Decreasing the Age of the Older Face: Are certain features or color dimensions more important than others for age perception?
Contrast manipulated versions of a face. The left image shows a face with facial contrast increased and the right image shows the same face with facial contrast decreased.
Age is a fundamental determinant of social structure and interactions. Age determines rank, rights, and responsibilities. People of different ages afford different kinds of social interactions and age is a primary dimension of social cognition and behavior. But it is not only actual or chronological age that predicts a person’s health, ability, and treatment by others. The mere appearance of age, separate from actual age, predicts important aspects of health and well-being.
Looking older or younger than one’s age is associated with health and environmental factors such as body mass index (BMI), depression, marital status, and social class. Indeed, perceived facial age is a clinically useful biomarker of aging, and looking older than one’s age is a sign of poor health and mortality. Though poor health surely contributes to appearing old for one’s age, there is evidence to suggest that appearance may also cause diminished health and psychological well-being, because of reduced social contact and social touching that results from having skin that no one “loves to touch”, including the possessor. A person who appears older is perceived as more autonomous and dominant, which discourages touching. Though the benefits of touch increase with age, the opportunities to be touched decrease significantly.
Maintaining a youthful appearance is of great importance for many people, perhaps because of the relationships between the appearance of age and health, and between the appearance of age and beauty. Many people are concerned with reducing the visual signs of aging, and this supports the existence of the multi-billion dollar cosmetic and cosmetic surgery industries.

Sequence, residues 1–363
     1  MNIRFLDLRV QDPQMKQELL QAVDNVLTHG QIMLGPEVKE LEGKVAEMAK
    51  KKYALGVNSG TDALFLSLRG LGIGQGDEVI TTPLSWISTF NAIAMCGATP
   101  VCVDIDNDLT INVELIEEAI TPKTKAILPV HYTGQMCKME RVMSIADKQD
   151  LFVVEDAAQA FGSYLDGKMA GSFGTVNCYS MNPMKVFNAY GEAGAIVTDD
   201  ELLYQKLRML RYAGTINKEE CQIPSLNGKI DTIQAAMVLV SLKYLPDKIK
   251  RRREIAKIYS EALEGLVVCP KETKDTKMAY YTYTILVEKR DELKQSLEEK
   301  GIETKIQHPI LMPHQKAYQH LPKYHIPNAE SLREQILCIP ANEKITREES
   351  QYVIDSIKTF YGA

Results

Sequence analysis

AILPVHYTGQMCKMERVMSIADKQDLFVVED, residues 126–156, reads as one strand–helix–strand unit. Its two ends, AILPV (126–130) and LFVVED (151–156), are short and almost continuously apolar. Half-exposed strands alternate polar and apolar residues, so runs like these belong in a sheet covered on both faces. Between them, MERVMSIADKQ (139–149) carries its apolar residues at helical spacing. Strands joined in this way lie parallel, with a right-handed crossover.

The appearance of age is closely related to the physical changes that occur with the aging process. After the cessation of growth at approximately 20 years of age, face shape continues to change, particularly in late adulthood. Facial skin undergoes dramatic changes with age, including wrinkling and sagging, increases of pigmented irregularities, and skin color changes such as decreased homogeneity of skin reflectance.
The internal features of the face are also relevant to the perception of age. With photographs of the same individual obtained at two different ages, George and Hole substituted features between the photographs. Transplanting older features into a younger face increased age estimates by approximately 40%, the opposite decreased the age of the older face by approximately 33%. Both internal feature size and shape influence age perception. Large and round eyes in real faces as well as shorter noses decreased the estimated age of the person. Lip height and border definition decrease with age and are visual cues for age perception .
The luminance contrast between the eyes and the surrounding skin and the lips and the surrounding skin has been termed ‘facial contrast’. Female faces have greater facial contrast than male faces, and facial contrast plays an important role in sex classification and the perception of masculinity and femininity and also attractiveness. However, it is not known whether facial contrast changes with age or plays a role in age perception. Inspection of averaged faces of older and younger adults led us to hypothesize that facial contrast decreases with age and is related to perceived facial age.
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